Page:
Document Type: Original Article(s)
Department of Sport Injuries and Corrective Exercises, Faculty of Physical Education and Sport Sciences, Karaj Azad University, Karaj, Iran
Social Determinants of Health Research Center, Ahvaz Jundishapur University of Medical Sciences, Ahvaz, Iran
Musculoskeletal Rehabilitation Research Center, Ahvaz Jundishapur University of Medical Sciences, Ahvaz, Iran
Social Determinants of Health Research Center, Ahvaz Jundishapur University of Medical Sciences, Ahvaz, Iran; Musculoskeletal Rehabilitation Research Center, Ahvaz Jundishapur University of Medical Sciences, Ahvaz, Iran
Background: Vision plays an important role in supporting efficient locomotion. The present study aimed to measure the physiological cost index (PCI) and some kinematic parameters of preferred walking and jogging in blind and sighted students.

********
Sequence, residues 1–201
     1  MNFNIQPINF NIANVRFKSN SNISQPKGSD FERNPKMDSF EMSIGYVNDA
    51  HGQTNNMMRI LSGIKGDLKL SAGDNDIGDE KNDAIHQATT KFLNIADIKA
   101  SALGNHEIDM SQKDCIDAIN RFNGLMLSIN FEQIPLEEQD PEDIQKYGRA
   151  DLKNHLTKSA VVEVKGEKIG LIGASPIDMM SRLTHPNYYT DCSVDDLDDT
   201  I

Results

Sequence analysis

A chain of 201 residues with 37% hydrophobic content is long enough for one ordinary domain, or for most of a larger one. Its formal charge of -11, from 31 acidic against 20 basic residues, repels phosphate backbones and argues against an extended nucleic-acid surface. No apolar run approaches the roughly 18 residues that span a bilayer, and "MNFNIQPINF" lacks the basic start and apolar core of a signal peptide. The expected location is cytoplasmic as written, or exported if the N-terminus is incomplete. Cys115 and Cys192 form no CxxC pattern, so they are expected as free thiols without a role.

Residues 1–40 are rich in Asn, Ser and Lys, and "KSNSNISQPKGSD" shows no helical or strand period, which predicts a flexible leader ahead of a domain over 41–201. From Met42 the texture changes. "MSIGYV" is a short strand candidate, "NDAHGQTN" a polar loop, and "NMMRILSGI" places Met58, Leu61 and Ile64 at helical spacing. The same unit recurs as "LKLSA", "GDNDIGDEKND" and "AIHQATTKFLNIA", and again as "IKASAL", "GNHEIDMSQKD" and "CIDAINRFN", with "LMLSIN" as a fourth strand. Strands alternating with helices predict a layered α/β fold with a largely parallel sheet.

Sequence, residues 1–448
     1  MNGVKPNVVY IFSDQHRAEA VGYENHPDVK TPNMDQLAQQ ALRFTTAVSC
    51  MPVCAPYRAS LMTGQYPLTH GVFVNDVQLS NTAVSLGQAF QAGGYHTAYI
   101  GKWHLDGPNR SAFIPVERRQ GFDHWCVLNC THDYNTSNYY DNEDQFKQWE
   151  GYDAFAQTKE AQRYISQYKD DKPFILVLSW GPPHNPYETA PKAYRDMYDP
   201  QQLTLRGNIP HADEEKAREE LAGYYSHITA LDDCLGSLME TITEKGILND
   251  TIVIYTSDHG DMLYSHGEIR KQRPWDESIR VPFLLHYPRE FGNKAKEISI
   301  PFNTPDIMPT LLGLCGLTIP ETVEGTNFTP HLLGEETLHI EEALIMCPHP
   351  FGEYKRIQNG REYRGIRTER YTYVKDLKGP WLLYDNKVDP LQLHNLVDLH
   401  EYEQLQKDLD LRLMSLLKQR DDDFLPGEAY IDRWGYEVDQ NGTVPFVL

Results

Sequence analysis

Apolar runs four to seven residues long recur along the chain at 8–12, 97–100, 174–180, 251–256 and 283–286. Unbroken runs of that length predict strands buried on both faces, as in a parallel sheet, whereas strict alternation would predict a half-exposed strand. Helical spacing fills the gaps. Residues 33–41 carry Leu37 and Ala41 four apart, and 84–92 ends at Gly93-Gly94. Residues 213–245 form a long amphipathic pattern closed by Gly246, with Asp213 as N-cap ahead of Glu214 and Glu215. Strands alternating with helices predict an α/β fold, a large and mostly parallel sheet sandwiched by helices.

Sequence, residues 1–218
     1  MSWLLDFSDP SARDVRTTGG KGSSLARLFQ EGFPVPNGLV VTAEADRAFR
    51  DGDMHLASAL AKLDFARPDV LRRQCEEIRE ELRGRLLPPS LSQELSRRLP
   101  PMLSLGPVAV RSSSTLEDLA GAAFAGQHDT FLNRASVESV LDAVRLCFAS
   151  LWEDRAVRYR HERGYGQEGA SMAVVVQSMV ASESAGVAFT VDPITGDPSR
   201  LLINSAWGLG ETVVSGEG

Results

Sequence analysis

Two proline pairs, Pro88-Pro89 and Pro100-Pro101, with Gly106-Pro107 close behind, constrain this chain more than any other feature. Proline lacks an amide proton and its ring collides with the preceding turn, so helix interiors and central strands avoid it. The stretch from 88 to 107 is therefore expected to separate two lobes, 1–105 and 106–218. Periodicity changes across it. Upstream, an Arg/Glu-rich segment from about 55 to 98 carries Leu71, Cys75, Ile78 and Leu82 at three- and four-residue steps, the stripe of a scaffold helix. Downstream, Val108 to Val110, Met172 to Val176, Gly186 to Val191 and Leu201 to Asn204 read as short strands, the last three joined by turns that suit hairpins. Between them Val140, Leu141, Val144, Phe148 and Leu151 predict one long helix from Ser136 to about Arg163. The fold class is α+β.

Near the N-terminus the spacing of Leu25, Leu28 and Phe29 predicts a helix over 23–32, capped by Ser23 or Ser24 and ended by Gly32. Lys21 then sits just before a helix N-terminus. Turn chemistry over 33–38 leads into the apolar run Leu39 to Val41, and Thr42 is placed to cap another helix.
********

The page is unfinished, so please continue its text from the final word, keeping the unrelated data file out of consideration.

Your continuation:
Methods: A cross-sectional study was conducted among blind (n=18) and sighted (n=27) students aged 8-16 years. The following parameters were measured during a standard test procedure: step length (meter), cadence (steps/min), mean speed (meter/min), and the PCI of preferred walking (PCIW) and jogging (PCIJ) over a distance of 100 meters.
Results: Univariate linear regression analysis revealed that the weight of an individual as well as the test duration were significant predictors of heart rate (HR) and PCI. Overall, the PCI (beats/meter) of sighted (PCIW=0.22±0.08 and PCIJ=0.24±0.07) and blind students (PCIW=0.27±0.07 and PCIJ=0.31±0.08) were significantly different (all P≤0.05). In addition, the speed of preferred walking (PW) in sighted students was significantly higher than that of the blind students (67±8 versus 62.8±9 m/min; all P≤0.05), while this difference was insignificant in jogging mode (105±9 versus 102±11 m/min).
Conclusion: Although the blind students were familiar with the ambient environment and the walking route, they demonstrated a different pattern of PW and jogging modes with respect to kinematic parameters. We also demonstrated that the blind students spent more energy (i.e., PCI) to achieve a lower or equal gait kinematics compared to the sighted students.